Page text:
Nepal, India to discuss ICD in Kolkata
Himalayan News Service
Kathmandu, April 19:
Nepali and Indian officials from both the private and public sectors are going to hold extensive talks related to the problems surrounding the Inland Container Depot (ICD) that is situated in Birgunj, Sirsiya. The talks are scheduled for May 7 in Kolkata. Despite the ICD becoming operational for the last eight months, it has not been able to evolve an easy procedure for the export industry. Nepali exporters are still hesitating to export through Birgunj ICD, due to a lack of awareness, insecurity and high transportation costs. Surya Bahadur Manandhar, executive director of Nepal Inter-Modal Transport Development Board (NITDB), a government undertaking, talking to The Himalayan Times said, “Both countries’ freight forwarding and export related players will be participating in the talks aimed at seeking amicable ways and means to boost export through the ICD in close coordination with the Indian railways and other related institutions.”
Manandhar informed that representatives related to shipping lines, freight forwarders’ Indian
customs office, Indian railways operators, traders, port authorities of India, Nepal freight forwarders people, Birgunj chambers and Royal Nepalese Consular General office in Kolkata will participate in the meeting. He said that all participants would focus on problems faced by Nepali exporters, freight forwarders and importers. The talks will focus on ‘Nepalese Trade Expansion through ICD: Challenges and Opportunities’, he informed. About 60 people are expected to participate in the talks from India and Nepal, he informed. G K Mohanty, general manager of Kolkata regional office of Container Corporation (CONCOR) of India that operates and manages ICD in Birgunj will present a paper on the above issue.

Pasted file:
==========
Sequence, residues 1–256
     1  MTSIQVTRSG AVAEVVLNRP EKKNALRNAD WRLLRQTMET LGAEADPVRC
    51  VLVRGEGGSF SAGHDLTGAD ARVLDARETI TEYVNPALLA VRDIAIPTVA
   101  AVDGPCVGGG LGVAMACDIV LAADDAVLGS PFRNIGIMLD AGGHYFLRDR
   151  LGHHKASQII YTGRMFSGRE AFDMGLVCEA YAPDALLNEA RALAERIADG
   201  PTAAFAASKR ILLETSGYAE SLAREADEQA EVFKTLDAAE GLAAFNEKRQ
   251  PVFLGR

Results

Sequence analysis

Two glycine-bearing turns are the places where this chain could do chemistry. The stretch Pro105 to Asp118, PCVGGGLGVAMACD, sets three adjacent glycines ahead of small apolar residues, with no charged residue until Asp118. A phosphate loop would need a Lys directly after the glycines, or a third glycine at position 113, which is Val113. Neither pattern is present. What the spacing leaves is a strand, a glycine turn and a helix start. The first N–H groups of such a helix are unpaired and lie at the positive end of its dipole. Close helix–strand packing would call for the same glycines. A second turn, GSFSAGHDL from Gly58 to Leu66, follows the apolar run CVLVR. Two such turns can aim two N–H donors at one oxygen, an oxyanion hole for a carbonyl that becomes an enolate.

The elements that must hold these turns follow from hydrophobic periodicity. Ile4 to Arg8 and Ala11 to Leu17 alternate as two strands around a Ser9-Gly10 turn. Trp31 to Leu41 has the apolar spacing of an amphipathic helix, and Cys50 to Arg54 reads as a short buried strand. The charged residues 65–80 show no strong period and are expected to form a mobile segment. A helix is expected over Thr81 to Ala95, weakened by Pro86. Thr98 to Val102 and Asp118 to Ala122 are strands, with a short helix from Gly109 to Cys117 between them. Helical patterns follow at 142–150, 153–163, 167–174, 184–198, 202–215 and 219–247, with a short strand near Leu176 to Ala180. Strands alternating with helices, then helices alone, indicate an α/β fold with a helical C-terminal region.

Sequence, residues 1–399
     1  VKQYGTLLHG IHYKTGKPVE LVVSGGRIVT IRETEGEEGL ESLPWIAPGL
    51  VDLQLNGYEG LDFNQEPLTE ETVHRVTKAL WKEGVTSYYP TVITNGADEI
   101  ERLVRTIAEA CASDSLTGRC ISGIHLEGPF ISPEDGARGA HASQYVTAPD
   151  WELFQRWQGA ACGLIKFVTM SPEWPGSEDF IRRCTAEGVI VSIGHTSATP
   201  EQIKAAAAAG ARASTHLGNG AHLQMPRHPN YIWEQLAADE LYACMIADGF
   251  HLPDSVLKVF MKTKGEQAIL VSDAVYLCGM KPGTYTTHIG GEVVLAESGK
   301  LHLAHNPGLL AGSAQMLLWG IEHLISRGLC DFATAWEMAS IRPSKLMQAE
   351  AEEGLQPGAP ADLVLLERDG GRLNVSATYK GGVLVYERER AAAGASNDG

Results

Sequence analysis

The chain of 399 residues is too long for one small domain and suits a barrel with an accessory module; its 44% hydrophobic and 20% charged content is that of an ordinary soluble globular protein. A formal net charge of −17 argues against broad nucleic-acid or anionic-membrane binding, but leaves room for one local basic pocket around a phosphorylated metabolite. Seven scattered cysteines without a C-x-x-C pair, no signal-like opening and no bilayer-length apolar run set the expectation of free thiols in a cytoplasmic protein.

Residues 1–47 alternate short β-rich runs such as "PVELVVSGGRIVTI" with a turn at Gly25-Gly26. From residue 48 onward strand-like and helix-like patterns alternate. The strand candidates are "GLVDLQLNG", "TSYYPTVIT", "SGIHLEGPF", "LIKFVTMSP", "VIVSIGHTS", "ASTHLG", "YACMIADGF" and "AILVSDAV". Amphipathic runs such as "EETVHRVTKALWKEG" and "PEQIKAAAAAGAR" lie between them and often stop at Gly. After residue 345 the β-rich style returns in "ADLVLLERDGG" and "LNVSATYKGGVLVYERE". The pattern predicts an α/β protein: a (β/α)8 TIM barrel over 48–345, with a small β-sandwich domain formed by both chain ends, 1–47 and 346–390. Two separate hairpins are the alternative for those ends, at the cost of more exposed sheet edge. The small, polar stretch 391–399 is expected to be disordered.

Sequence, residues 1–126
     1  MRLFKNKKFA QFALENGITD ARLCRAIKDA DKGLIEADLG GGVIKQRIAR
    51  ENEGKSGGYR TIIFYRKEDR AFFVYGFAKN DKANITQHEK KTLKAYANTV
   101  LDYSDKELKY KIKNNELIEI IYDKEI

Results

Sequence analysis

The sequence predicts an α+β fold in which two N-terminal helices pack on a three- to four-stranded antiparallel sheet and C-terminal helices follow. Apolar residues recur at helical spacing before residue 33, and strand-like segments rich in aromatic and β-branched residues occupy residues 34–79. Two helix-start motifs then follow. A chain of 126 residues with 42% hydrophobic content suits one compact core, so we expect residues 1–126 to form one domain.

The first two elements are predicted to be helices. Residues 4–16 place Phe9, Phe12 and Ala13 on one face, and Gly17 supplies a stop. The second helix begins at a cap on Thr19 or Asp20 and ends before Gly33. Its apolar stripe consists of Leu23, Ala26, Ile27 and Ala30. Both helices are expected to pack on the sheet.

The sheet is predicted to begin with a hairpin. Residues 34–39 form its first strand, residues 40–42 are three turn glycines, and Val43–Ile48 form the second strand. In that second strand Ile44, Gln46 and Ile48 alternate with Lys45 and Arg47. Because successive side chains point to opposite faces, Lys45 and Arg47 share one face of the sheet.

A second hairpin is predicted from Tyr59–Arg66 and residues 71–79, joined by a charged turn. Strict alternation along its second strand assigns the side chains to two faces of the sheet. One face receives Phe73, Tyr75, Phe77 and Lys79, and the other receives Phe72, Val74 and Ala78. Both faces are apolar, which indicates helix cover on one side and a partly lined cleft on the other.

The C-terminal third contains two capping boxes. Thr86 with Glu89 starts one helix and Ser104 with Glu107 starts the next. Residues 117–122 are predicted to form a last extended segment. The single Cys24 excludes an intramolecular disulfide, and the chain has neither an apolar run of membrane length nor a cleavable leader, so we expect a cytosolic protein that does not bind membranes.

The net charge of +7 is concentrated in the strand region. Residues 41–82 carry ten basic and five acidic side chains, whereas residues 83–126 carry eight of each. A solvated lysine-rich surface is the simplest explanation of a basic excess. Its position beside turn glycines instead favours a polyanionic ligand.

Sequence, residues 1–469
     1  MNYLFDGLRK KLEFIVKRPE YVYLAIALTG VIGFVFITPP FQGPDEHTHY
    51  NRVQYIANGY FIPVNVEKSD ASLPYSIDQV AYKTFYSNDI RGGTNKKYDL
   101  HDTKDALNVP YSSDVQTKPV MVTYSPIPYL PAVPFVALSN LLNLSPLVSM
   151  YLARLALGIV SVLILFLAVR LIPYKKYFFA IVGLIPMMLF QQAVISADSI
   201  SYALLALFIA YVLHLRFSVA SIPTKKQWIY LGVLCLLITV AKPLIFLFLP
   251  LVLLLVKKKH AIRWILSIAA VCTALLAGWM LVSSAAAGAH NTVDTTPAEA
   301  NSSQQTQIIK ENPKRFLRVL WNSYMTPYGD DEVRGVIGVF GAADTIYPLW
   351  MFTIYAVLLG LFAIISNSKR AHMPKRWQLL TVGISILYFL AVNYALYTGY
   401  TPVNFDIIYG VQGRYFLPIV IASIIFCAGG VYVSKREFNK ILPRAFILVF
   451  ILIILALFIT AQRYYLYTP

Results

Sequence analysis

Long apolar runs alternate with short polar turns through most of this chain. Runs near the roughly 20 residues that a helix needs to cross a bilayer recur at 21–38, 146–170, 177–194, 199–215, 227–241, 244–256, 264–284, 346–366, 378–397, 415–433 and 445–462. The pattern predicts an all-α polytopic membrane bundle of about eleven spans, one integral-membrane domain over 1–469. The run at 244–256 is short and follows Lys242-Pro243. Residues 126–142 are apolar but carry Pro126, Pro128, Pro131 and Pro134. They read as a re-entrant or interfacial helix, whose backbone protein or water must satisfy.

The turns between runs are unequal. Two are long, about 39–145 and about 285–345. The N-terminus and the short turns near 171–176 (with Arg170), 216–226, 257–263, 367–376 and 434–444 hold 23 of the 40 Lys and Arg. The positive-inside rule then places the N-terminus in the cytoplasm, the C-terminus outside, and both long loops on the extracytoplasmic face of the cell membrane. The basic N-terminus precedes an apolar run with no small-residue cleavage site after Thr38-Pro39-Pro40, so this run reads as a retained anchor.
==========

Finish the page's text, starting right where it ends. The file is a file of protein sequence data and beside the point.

Mohanty is also the CEO of Himalayan Terminals which is located at Birgunj that manages ICD. On behalf of Nepal Freight Forwarders Association (NEFFA), Namgyal Lama, president of the association is going to present a paper. He told The Himalayan Times that he would raise issues of pilferage, timing of cargo goods to and from ICD and high transportation costs. Lama said that he would also hold talks with Indian customs officials regarding issues surrounding the ICD operation. The talks being organised by Nepal’s ministry of industry, commerce and supplies would focus on how export through ICD can be expanded in days ahead, said Manandhar. According to figures, export has gone down by over 40 per cent currently, due to weak infrastructure and lack of facilities for exporters. Exporters want improvement in customs procedures, hassles-free export sector and simplified documents to boost export sector.